Every now and again you come across a player who just jumps off the screen. Jalen Collins is one of those players.
Is he the finished article? Absolutely not. Does he possess tremendous upside and potential plus every single athletic and physical trait you want in a #1 corner? Oh yes. The idea of this coaching staff getting the opportunity to work with Collins is tantalizing. If it’s going to take a special cornerback for Seattle to consider spending a first round pick, consider me convinced. Collins is the real deal.
When you watch the video above, don’t be disappointed when you see Notre Dame complete a couple of slants against Collins. Consider this instead. That’s two games against supposed high power offenses. How many big plays does he give up? How much yardage does he concede in those games? Then head over to Draft Breakdown and watch his performance against Alabama and Wisconsin. Play after play he’s right there — ultra tight coverage.
Physically he has the works — height (6-2), size (198lbs), long arms and general length. He has soft feet and great hips to drive on the ball and change direction with fluidity and snap. Recovery speed is vital for any corner and he has it — when he loses track on a route he’ll react and regain position. He has the leaping ability and arm length to play the ball in the air and the instinct working in zone to read the play and break on the defender. We’re talking about a naturally gifted corner with very few flaws.
The problem is — he only has ten starts. Ideally he stays in school for another year and builds on what we see above — but he received a very favorable grade from the draft committee (no surprise). Sometimes you can see the lack of experience show up on tape — there are technique issues working in press and he can be a bit more patient at times. Nobody should be concerned about that. The Seahawks have the best secondary coaches in the league led by the ultimate #1 defensive backs coach in Pete Carroll.
Collins is everything you look for in a corner — the height, the speed. He’s not a crazy run defender but he’s willing to get involved. Because of the emergence of the Legion of Boom and the lack of great depth at the position, it won’t be a total shock if Collins goes much earlier than people expect. If he’s there at #31 — I sincerely hope the Seahawks consider pulling the trigger presuming Byron Maxwell walks. Yes — the offense needs help. But the identity of the team is really down to Russell Wilson, Marshawn Lynch and the LOB. Pay the first two, replace Maxwell and that is maintained. Collins’ arrival would secure all four secondary spots for the next four years, delivering consistency to a key group.
He’s not the only player with exciting physical talent — Virginia’s Eli Harold would be a great addition to the defensive line and has the length, burst, speed-to-power conversion and grit the Seahawks like. I could see a home for Todd Gurley or Melvin Gordon in Seattle depending on the situation with Lynch. But none of the receivers or offensive linemen appear to rival Collins and Howard for upside, potential, scheme fit, physical ideals and pure talent.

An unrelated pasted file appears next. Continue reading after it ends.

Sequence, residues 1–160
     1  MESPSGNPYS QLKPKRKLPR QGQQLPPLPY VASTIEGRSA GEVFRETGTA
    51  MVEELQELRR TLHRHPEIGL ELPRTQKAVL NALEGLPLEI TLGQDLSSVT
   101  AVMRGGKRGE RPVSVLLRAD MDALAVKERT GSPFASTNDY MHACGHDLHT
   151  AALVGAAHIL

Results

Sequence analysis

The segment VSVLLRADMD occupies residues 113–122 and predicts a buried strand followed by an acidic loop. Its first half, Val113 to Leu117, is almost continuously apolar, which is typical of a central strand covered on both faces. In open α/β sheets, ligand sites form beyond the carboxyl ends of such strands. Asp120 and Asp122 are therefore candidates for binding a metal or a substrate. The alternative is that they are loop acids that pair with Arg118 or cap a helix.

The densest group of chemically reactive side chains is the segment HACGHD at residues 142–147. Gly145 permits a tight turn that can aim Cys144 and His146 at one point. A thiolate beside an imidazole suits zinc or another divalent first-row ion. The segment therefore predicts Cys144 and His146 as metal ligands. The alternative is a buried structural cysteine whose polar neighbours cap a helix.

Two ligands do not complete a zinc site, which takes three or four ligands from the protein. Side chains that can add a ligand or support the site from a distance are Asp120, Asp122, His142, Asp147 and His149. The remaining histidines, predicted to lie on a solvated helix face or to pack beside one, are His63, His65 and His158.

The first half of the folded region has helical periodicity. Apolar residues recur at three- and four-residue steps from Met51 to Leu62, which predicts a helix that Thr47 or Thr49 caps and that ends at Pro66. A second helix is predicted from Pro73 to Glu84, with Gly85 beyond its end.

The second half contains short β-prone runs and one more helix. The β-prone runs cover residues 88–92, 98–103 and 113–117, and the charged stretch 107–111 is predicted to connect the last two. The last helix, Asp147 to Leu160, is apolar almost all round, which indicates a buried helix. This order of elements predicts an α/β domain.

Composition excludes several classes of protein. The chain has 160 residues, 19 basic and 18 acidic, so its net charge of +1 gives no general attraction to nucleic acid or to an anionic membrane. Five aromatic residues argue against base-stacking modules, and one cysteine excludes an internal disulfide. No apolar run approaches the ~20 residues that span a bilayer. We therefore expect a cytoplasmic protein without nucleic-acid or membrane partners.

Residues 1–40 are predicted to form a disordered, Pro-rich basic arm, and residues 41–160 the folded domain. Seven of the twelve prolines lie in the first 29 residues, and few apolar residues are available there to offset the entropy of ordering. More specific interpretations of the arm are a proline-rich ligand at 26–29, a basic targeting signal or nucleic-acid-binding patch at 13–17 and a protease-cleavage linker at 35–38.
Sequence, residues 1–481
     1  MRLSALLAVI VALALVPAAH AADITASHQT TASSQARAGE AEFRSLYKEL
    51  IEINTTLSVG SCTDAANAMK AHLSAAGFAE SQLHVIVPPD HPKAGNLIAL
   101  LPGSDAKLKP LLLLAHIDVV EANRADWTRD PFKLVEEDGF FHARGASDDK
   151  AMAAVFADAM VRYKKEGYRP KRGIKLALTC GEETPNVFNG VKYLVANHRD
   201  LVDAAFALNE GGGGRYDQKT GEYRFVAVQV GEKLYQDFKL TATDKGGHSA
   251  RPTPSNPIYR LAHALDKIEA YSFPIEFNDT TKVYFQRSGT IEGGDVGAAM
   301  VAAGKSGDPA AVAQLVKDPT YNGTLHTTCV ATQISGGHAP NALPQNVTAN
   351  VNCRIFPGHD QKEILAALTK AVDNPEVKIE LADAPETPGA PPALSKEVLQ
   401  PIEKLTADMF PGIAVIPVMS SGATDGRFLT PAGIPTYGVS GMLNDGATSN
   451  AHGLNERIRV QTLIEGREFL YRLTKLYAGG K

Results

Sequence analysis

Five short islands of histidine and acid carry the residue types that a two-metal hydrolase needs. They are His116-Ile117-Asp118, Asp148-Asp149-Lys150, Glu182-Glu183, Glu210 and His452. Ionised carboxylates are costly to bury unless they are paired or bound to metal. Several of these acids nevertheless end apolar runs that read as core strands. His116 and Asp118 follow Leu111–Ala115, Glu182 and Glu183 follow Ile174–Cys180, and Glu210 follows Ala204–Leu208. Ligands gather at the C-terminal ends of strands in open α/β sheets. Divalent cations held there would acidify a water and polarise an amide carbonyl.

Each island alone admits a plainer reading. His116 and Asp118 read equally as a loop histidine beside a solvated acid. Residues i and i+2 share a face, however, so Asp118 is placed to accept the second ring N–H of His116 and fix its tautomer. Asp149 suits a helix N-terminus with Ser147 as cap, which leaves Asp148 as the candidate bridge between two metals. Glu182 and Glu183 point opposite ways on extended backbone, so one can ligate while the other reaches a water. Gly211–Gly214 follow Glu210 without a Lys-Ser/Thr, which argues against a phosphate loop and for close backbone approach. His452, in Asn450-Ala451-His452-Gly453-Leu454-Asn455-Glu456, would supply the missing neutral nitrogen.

It’ll be fascinating to see how fast he runs at the combine. Richard Sherman ran a 4.56. I almost hope Collins manages a similar effort to keep his stock under control. I suspect he’ll break the 4.4’s. Any team looking for a prospect with comparable physical traits to Sherman will look at Collins. He’ll need some work but any self-respecting coach would back themselves to deliver with these tools at hand. Collins could be special.
What else is happening today…
Jason Cole — he of the ‘Pete Carroll and John Schneider don’t see eye to eye’ rumors of yesteryear — is suggesting Ndamukong Suh wants to play in Seattle. He also admits it’s a pipe dream. Suh is expected to earn a contract worth over $100m as one of the truly special defensive linemen currently in the game. With so many teams loaded with cap space (Raiders, Jaguars) he will have the opportunity to earn a monster salary. Big market teams like the Jets also have around $45m to play with. Seattle’s at $23m according to Spotrac — and that’s before any new contracts for Wilson, Lynch, Wagner, Sweezy, Maxwell, Carpenter, Irvin, Okung or whoever else you want to pay. Adding Suh would be an incredible move for an already elite defense. But you’d have to risk so much to get it done, if it’s even possible. The only chance could be if Suh was willing to take a one-year deal (why would he?) with the Seahawks back-loading Wilson’s contract. It’s a nice thought, but totally unlikely.
Today I was told by a pretty reliable source that the price for Suh will clear $100M. He's setting that bar. @davehydesports passes plate.
— Omar Kelly (@OmarKelly) February 6, 2015
Derek Stephens has written up a piece on Field Gulls listing his wide receiver rankings. He also includes a Seahawks-focused list of options for #31 with Jaelen Strong in the top spot. Stephens: “Strong’s unique ability to repeatedly make the circus play or the tough catch in traffic despite lacking cleanliness in his routes and fluidity in his movement, make him someone I could see the Seahawks taking a strong interest in.” My own personal take? Strong made ridiculous catches all year and shows fantastic hands, high pointing skills and control. The big issue is — he rarely creates separation forcing the need to make difficult grabs, he lacks explosion running over the middle and is he strong enough to get off press? It’ll be very interesting to see Strong’s bench press and forty time at the combine — they could make or break his chances of going in round one.
And finally — if I made a list of realistic options at #31 who really stand out (I will do soon) — Texas defensive tackle Malcom Brown would be included: